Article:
It’s estimated that there are two million pairs of seabirds in the Faroe Islands during the breeding season, which is unmistakably the best time to watch birds in the islands. Simply find yourself a suitable cliff , sit down, remain quiet and watch and smell the spectacle: a cliff face populated by hundreds of thousands of seabirds is not only an audio-visual delight, but also one that won’t fail to leave your nose unstimulated either. Puffins, guillemots, kittiwakes, razorbills, terns and gannets all come to breed on the archipelago, and here are our top places to spot them.
Puffins are the poster child for the Faroe Islands, but there are so many other seabirds to get up close with © rik, Shutterstock
Vestmanna bird cliffs
This is one of the best excursions anywhere in the Faroes. These towering cliffs, roughly halfway between Vestmanna and Saksun to the north, provide safe nesting places during the summer months (roughly May until late August) for thousands upon thousands of seabirds, attracted by the vast shoals of fish that gather here in the plankton-rich waters of the North Atlantic. The boats that sail out here give you an unparalleled view of the cliffs and the birds – notably puffins, razorbills and guillemots – as they weave in between the numerous sea stacks and in and out of narrow straits bound by sheer rock walls (look up and you may well see sheep grazing quite undisturbed on the clifftops) and dark echoing grottoes where the sound of the squawking birds and dripping water is amplified to unnerving proportions.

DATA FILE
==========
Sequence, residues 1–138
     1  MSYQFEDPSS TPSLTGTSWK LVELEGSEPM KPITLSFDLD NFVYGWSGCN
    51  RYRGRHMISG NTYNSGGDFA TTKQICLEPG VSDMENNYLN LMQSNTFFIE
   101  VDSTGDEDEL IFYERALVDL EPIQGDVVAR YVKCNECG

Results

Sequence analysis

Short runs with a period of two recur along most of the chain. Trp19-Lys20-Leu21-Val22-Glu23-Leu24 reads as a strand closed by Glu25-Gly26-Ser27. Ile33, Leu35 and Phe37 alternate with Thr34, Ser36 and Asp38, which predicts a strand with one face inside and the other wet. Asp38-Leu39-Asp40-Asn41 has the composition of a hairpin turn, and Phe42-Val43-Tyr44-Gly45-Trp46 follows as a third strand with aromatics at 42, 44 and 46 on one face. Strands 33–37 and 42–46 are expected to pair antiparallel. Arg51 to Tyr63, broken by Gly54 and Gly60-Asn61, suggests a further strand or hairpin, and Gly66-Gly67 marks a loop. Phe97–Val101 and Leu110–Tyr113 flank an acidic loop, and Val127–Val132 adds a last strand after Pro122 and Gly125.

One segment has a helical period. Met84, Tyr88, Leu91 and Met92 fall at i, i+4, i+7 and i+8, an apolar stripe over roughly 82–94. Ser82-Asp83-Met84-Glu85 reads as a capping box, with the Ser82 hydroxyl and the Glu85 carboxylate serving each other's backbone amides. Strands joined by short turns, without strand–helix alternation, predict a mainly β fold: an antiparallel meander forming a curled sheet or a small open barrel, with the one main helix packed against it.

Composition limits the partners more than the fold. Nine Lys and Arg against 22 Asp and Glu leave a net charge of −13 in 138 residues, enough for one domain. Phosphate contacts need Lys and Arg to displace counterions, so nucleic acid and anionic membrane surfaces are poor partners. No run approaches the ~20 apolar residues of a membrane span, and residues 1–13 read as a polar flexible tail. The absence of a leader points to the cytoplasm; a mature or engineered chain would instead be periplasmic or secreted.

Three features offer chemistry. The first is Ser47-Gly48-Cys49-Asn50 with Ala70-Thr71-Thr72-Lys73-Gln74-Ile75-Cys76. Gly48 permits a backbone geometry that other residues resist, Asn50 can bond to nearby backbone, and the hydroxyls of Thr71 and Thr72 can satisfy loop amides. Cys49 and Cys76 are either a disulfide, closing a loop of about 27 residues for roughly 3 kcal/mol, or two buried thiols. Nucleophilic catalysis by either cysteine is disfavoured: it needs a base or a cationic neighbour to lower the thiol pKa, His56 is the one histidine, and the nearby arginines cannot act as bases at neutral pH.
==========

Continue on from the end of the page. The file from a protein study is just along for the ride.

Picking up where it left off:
Skugvoy, home to around 20 people, is best known for its rich birdlife – its Faroese name is ‘island of the skuas’. Although many of these birds no longer frequent the island, there are still other large colonies of seabirds on the island’s western cliffs waiting to be discovered. One of the best places to watch birds is around the northern end of the island, where there are large numbers of puffin burrows. Descending from the hilltop towards an area of flat land on the northwest coast, you’ll see the sea cliffs that form the headland, Høvdin (134m), to your right where there are still good numbers of guillemots to be seen. Look out also for cormorants, fulmars and razorbills, which can all be seen here. You’re likely at this point to come under attack from frighteningly large numbers of arctic tern, the pluckiest of all the island’s birds, intent on delivering a sharp blow to the top of your head with their pointed beaks.
This floating humpbacked finger of land is home to the world’s largest colony of storm petrel on its east coast. Trips to the island can be organised, and offeer a unique chance to see these nocturnal birds lunge through the night sky at truly remarkable speeds as they search for food.